Buried refuse 
An examination of Rossbracken suggested that up to 36,000 tons of waste was buried there, representing a “saving” of up to €5.8 million. This is the amount it would have cost to dispose of it legally. 
In the face of a determined search for answers by the local authority, Ferry prevaricated, eventually going on the run in Northern Ireland after a bench warrant for his arrest had been issued. 
In July 2018, he came to heel, offering apologies to the High Court and promising to co-operate, thereby avoiding jail. But the question remained: where was the money that he had been paid to dispose of the waste legally? 
His answer was that there was no money. His explanation was that when waste collecting moved from a flat fee to a weight-based system, before his lorries could be fitted with a weighing system, he had lifted loads far in excess of for what he was being paid. 
Murray’s task, simply put, was to scour Ferry’s books for any objective evidence to support his assertions, comparing waste collection and cash flow records to see if they tallied.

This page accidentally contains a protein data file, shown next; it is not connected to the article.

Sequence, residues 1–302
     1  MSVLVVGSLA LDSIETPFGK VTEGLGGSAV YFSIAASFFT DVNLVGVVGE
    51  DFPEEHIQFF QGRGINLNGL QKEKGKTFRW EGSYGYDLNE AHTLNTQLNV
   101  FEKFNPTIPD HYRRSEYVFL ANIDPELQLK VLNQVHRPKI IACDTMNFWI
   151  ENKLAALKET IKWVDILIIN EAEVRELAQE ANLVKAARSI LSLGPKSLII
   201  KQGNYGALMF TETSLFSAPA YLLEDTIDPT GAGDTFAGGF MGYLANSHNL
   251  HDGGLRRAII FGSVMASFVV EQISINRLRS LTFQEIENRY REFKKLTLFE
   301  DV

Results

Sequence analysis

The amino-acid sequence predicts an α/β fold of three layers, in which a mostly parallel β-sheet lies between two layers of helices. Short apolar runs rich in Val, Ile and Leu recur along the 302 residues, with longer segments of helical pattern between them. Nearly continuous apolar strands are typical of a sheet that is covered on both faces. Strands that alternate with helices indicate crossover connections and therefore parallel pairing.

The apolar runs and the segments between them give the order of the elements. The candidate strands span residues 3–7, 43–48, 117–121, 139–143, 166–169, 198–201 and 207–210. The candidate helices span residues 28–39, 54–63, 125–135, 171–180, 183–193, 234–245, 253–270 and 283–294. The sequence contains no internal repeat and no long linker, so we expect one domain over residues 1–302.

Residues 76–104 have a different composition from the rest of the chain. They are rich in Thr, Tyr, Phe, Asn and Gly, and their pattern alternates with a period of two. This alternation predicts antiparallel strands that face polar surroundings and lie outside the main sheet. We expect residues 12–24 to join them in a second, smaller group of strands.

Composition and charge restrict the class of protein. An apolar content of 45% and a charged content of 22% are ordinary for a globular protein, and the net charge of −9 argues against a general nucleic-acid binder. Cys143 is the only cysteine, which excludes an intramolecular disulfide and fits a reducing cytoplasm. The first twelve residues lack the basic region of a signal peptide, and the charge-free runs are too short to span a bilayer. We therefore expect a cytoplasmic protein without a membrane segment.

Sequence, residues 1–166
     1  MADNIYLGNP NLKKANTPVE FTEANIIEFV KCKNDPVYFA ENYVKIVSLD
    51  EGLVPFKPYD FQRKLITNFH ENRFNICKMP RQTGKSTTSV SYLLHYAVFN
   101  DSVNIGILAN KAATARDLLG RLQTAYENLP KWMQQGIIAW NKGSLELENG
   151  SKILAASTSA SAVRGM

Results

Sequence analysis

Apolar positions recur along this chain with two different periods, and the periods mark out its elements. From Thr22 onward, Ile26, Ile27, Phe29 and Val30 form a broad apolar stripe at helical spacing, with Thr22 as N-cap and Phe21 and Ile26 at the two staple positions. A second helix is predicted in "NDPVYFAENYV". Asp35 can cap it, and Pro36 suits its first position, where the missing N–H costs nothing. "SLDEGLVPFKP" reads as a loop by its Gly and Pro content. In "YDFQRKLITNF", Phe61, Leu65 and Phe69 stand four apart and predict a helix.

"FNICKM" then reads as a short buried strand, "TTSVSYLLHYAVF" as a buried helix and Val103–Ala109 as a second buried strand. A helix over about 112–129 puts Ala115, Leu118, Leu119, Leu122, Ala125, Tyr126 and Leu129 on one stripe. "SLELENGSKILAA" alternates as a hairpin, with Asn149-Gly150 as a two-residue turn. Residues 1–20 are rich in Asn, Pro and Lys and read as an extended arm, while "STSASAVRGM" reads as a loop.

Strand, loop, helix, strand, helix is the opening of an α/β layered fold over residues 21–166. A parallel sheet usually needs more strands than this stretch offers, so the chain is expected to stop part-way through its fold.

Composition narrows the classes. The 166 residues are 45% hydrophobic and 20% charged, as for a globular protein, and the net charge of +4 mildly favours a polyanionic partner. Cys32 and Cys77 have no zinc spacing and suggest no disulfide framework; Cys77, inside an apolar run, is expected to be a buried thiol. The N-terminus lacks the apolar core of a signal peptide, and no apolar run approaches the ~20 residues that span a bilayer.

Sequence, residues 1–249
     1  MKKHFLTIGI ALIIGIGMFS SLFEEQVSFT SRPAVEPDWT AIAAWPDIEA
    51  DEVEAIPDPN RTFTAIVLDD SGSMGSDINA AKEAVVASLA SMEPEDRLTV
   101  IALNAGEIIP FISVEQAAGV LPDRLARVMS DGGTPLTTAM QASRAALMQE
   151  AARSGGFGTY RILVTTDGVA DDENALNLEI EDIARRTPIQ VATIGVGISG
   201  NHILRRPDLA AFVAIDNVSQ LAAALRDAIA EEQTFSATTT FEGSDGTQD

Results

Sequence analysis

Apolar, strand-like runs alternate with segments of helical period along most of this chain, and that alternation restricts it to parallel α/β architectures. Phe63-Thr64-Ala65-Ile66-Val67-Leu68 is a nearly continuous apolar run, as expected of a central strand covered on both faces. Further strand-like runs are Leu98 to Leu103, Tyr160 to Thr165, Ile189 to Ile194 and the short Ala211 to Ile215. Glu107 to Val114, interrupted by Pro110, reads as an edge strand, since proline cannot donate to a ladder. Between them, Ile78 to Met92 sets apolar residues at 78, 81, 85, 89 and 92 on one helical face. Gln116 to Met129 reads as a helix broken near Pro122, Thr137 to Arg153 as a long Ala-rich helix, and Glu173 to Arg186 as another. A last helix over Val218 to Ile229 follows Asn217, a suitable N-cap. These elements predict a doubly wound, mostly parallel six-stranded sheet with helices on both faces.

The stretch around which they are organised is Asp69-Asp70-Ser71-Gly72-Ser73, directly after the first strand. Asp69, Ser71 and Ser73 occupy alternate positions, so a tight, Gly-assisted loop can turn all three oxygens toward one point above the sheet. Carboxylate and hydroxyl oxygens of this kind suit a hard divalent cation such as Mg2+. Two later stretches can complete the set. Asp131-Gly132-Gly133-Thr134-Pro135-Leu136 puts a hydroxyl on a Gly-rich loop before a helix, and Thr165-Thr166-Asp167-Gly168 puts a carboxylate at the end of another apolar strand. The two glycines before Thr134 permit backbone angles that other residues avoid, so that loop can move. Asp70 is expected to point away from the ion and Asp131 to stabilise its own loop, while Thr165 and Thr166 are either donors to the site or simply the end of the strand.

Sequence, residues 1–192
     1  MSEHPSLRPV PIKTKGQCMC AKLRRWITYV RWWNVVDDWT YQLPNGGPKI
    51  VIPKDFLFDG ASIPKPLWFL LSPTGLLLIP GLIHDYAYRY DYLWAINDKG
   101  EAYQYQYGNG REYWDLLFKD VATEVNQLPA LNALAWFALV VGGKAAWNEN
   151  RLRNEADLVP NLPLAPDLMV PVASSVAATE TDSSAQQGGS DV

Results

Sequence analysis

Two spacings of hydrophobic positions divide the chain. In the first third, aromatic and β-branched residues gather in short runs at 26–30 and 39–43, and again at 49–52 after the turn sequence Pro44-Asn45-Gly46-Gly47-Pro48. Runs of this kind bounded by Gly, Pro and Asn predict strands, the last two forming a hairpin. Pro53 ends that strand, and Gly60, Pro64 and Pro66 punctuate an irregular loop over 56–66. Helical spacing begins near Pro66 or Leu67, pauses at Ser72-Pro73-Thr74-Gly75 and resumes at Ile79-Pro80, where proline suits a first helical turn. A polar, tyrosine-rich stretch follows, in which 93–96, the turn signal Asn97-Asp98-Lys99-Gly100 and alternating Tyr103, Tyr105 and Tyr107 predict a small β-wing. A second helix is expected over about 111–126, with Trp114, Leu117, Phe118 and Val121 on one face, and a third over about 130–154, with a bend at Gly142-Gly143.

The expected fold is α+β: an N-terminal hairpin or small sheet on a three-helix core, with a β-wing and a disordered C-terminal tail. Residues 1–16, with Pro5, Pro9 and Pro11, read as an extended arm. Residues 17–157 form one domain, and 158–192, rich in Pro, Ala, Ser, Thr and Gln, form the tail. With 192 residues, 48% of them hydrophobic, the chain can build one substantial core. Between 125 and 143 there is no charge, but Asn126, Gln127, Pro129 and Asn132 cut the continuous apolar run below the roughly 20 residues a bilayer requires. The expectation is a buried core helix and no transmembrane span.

Murray is a Derry-based graduate of Trinity College Dublin, a Master of forensic accounting, in which subject he has lectured at third level, and is also a member of the Academy of Experts. His reports on what he found formed the core of proceedings before Mr Justice Max Barrett. 
In probing the relationship between what Ferry said he collected and what he was paid, and his various other financial dealings, including cash flow, tax and VAT returns, Murray attempted to reconcile the figures. But one phrase repeats in the report after he explains how he wrote to Ferry’s solicitor seeking clarification. “I received no reply to this request,” he writes. 
Neither was Ferry forthcoming on his stable of racehorses (one named The Informer) and their winnings, or about specific lodgments to various bank accounts.